About credit card imprint machines

Written by mike parker
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About credit card imprint machines

In an era when billions of dollars are transferred electronically from your credit card account to a merchant's bank account, the humble credit card imprint machine may be regarded as dinosaur technology. For some businesses, processing credit cards manually is still their best alternative. Many brick-and-mortar merchants, and many who operate online or via mail or telephone, all have a credit card imprint machine for backup and emergency purposes.


Credit card imprinting machines date to the beginning of the modern charge and credit card industry. The first imprinters were developed to handle the Charga-Plate in the 1930s. Resembling a military identification tag, the Charga-Plate was a rectangular piece of sheet metal what was embossed with the customer's basic information. The metal plate was held by the merchant, who placed it on an imprinter, put a paper card and inked ribbon on top of the plate and imprinted the customer's information for future billing. Although the imprinters themselves have become more streamlined and efficient, the original imprinting process has remained essentially unchanged.


The primary function of a credit card imprinting machine is to create a physical record of a sales transaction. The customer's credit card is placed into a slot in the imprinter, a multi-part sales draft is placed on top of the card, and the roller presses an imprint of the card onto the sales draft along with the merchant's identification information. Additional information such as date, time, items purchased and amount of the sales may be manually entered. The customer is normally required to sign the sales draft as proof she approved of the sale.


Although all credit card imprinting machines function essentially the same, there are many types. Flatbed imprinters are the most popular type of imprinter. As their name implies, they provide a flat bed on which the credit card is placed. They are manual, mechanical devices that require no electricity to operate, making them a suitable choice for doing business in remote sites that do not have access to electricity, or for backup during power outages. Electric imprinters are popular in high-volume establishments such as the travel, dining and entertainment industries. Pump handle imprinters provide the same benefits as the flatbed version, but without the potential to crack your knuckles on the slider. Portable versions of the flatbed are also popular with delivery services, taxi and limousine services, and in home party businesses.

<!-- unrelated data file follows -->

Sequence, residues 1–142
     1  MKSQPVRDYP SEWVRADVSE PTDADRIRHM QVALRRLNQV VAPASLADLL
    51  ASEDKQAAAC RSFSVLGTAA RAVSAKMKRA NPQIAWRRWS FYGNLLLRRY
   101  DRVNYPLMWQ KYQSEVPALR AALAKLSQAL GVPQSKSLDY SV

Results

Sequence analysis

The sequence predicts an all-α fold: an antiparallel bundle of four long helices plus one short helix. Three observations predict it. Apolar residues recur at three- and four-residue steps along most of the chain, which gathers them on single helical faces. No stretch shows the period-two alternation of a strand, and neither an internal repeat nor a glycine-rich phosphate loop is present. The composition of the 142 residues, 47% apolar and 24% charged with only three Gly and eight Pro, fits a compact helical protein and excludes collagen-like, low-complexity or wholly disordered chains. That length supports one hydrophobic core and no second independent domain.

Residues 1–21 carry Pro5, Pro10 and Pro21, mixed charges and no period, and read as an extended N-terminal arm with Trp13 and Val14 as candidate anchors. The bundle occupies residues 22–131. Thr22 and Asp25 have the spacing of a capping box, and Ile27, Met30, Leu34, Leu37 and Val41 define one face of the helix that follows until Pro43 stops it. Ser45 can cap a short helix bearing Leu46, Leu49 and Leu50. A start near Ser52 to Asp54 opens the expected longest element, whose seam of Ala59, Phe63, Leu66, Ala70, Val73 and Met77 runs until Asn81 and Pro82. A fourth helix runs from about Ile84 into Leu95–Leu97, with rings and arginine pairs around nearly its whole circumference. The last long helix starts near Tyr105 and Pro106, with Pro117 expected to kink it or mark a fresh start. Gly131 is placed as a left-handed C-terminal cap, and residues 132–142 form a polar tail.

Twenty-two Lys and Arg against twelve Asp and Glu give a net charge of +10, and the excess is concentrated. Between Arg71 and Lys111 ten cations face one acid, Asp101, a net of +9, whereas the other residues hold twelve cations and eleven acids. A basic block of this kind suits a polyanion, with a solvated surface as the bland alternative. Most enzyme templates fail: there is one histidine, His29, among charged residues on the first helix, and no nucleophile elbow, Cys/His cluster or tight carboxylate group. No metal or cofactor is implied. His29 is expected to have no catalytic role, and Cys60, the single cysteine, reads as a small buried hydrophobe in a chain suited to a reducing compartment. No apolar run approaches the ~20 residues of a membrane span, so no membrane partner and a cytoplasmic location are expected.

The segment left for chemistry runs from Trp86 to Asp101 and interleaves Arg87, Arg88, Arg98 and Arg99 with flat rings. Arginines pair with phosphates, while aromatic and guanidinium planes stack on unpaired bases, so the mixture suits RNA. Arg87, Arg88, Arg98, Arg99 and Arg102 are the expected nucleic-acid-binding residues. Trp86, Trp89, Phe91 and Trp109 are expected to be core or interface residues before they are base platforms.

Credit card imprinting machines are designed to obtain a legible impression of the physical credit or charge card being used for a specific transaction. Modern versions may be manual or electric, but they are engineered to deliver clean, clear imprints for up to 1 million cycles. Each imprinter features a base upon which to place the plastic credit card, a merchant identification slug, and a roller to impress the information onto the sales draft.


Two per cent of all physical transactions where the credit card is swiped through an electronic processor fail, requiring the sales clerk to enter the credit card information manually. Manually entering the credit card information increases the potential for error and eliminates the proof that the credit card was present, which creates a potential liability for the merchant in the event of a customer dispute. By taking a physical imprint of the card, the merchant reduces the risk of charge-back. Manual imprinters are inexpensive and can provide the additional benefit of allowing off-site transactions. They also permit sales transactions in the event of a power failure.

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